A year and a half ago, I co-wrote a piece about Google's expanded broad match with my longtime colleague, Dorothy Weaver. Since that time, expanded broad match has continually irritated sophisticated search marketers. Imagine running a landing page test on a specific keyword, like "office furniture," only to later learn that additional queries like "wooden bookcases" and "metal file cabinet" were also triggering the ad. This frustrated me at first, but I quickly learned to combat it with frequent search query report audits and by stripping the search query from the referrer; however, I now wonder if expanded broad match could have more serious revenue implications for Google.
Most advertisers actually have higher conversion rates on Yahoo and Microsoft, but continue to spend more with Google. Makes sense, since Google is the leader in terms of market share. With all the time that has passed since the introduction of expanded broad match, it is apparent that these broadened results have not broken or even affected the Google habit.Au contraire, mon frère. Google's market share has actually continued to grow. So what could do it?
Over the years, I have enjoyed being the go-to person at my company for everything Google. This has led to the collection of some interesting Google errors that colleagues pass along believing that I hold the answer. My personal favorite was an error for "impatience " a team member received in July of 2006: Give your mouse a break. It looks like you may have clicked the same link twice. Relax for a moment, give us a chance to respond to your first request, and then click your browser back button and try again. Thanks for your patience. - a Google engineer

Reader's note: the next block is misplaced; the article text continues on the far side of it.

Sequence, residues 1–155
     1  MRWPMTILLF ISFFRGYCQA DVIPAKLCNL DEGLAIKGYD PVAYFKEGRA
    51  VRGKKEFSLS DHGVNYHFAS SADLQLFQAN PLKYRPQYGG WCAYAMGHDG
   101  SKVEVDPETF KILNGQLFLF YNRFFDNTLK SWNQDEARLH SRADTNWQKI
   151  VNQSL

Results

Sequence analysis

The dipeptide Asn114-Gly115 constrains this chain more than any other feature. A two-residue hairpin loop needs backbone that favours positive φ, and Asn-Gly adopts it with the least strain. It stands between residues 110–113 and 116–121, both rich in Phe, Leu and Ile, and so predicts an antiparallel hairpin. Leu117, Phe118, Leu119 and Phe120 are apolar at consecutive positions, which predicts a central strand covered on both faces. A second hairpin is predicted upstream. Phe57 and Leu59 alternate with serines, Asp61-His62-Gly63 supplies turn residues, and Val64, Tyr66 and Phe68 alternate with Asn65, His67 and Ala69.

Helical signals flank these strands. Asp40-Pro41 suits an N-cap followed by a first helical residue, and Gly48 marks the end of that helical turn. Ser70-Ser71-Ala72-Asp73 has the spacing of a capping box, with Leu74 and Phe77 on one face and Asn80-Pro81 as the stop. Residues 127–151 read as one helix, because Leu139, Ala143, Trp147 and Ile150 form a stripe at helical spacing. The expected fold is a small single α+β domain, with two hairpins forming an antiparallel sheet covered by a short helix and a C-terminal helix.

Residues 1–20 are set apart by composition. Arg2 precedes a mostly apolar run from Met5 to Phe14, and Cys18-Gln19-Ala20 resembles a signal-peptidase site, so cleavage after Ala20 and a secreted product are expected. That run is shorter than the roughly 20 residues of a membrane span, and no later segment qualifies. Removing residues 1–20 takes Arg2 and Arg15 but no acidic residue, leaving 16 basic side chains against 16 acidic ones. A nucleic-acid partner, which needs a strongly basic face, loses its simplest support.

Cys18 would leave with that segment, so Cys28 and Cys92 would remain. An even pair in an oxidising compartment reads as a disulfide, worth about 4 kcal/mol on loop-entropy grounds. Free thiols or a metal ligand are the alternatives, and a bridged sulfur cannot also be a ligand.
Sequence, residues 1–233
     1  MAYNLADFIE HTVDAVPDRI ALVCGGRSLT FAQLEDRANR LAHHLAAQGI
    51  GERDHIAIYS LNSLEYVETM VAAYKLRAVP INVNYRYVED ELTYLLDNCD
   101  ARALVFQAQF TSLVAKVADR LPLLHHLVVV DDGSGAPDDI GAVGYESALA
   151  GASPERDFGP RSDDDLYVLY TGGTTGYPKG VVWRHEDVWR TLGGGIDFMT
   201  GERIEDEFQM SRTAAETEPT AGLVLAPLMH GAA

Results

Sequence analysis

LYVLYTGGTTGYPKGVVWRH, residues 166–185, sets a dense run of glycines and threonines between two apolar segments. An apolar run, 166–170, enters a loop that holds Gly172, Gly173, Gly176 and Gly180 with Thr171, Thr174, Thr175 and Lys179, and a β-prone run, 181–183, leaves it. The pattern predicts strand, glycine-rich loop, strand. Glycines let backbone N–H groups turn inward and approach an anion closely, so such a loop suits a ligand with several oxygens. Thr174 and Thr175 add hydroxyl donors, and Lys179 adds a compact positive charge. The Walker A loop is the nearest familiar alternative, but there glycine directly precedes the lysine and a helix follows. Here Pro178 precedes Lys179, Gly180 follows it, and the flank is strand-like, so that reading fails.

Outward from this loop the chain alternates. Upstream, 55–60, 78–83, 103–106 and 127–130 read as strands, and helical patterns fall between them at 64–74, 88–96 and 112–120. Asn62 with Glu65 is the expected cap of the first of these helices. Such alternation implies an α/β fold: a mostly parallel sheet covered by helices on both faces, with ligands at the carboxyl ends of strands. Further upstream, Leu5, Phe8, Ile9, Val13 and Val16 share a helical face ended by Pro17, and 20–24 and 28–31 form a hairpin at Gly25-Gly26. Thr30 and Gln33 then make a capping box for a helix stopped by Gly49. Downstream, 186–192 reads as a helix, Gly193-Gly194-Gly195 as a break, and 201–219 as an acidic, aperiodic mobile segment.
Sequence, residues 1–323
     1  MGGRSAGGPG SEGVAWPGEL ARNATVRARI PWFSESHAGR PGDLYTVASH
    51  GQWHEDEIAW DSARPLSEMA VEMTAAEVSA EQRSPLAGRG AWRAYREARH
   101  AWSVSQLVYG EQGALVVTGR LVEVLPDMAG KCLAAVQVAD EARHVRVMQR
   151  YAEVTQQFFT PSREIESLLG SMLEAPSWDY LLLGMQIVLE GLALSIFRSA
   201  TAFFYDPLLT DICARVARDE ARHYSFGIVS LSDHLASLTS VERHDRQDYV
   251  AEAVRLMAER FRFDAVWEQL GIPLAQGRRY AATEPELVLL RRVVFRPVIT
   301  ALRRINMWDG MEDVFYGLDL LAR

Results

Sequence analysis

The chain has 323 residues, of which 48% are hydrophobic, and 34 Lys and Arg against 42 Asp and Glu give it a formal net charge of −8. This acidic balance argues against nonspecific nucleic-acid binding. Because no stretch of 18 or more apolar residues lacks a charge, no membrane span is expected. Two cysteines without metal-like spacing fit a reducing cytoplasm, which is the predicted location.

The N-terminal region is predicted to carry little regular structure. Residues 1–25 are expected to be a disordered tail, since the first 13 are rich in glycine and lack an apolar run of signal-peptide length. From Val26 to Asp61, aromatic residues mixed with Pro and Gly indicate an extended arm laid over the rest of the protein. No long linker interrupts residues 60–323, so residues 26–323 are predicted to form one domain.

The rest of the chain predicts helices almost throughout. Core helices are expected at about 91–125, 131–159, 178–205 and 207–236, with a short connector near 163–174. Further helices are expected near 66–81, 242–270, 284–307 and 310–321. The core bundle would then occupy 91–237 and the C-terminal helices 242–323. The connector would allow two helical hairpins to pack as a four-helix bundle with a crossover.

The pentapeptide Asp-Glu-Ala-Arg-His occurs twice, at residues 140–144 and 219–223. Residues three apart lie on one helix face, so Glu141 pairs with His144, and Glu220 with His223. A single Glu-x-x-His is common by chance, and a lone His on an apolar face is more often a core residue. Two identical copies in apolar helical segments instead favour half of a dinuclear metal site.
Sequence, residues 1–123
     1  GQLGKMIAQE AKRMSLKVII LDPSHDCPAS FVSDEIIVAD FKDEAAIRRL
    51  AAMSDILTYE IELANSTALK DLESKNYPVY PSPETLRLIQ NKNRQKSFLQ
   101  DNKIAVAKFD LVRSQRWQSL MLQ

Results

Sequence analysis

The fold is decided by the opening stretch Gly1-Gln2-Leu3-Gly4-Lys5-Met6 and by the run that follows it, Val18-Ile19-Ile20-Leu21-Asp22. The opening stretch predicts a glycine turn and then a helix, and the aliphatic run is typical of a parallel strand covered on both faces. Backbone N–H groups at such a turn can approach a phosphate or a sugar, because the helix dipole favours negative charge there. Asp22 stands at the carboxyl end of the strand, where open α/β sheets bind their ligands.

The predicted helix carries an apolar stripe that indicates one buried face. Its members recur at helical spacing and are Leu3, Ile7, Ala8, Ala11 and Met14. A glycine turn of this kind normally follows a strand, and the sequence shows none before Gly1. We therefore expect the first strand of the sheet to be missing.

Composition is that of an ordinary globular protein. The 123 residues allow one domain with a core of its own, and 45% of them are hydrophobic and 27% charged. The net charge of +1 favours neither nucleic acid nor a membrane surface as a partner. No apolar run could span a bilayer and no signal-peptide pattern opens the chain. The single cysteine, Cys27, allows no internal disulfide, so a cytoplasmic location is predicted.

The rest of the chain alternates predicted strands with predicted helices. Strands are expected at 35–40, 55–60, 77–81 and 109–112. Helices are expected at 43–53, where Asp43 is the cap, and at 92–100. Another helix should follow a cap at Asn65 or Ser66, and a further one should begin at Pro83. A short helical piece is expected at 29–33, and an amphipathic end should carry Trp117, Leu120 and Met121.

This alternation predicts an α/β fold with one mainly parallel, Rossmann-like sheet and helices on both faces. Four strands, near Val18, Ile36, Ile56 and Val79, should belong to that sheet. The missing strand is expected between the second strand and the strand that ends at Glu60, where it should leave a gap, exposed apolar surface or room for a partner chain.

Most recently, our office was plagued with a "We're sorry" error on several search queries. The error claimed that our query looked similar to automated requests from a computer virus or spyware application. Our SEO team had not been doing any automated crawls that may have triggered this and the queries we were receiving it on were original searches, not necessarily the keywords we check every day. Of course we know this measure is to protect advertisers from fraud, but if these types of errors ever became widespread, I do believe a frustrated user would eventually go elsewhere...even if only for a brief time.
So, can the habit be broken? Will there ever be a Google killer? Honestly, I do not think so, nor do I hope so. What I do look forward to is competition versus domination. I'll leave you with this food for thought: When searching the phrase "break a habit" on Google, Yahoo and MSN, I found the best answer atop the results of MSN. The organic listing from eHow.com stated, "Habits are automatic behaviors that can be changed with patience and persistence."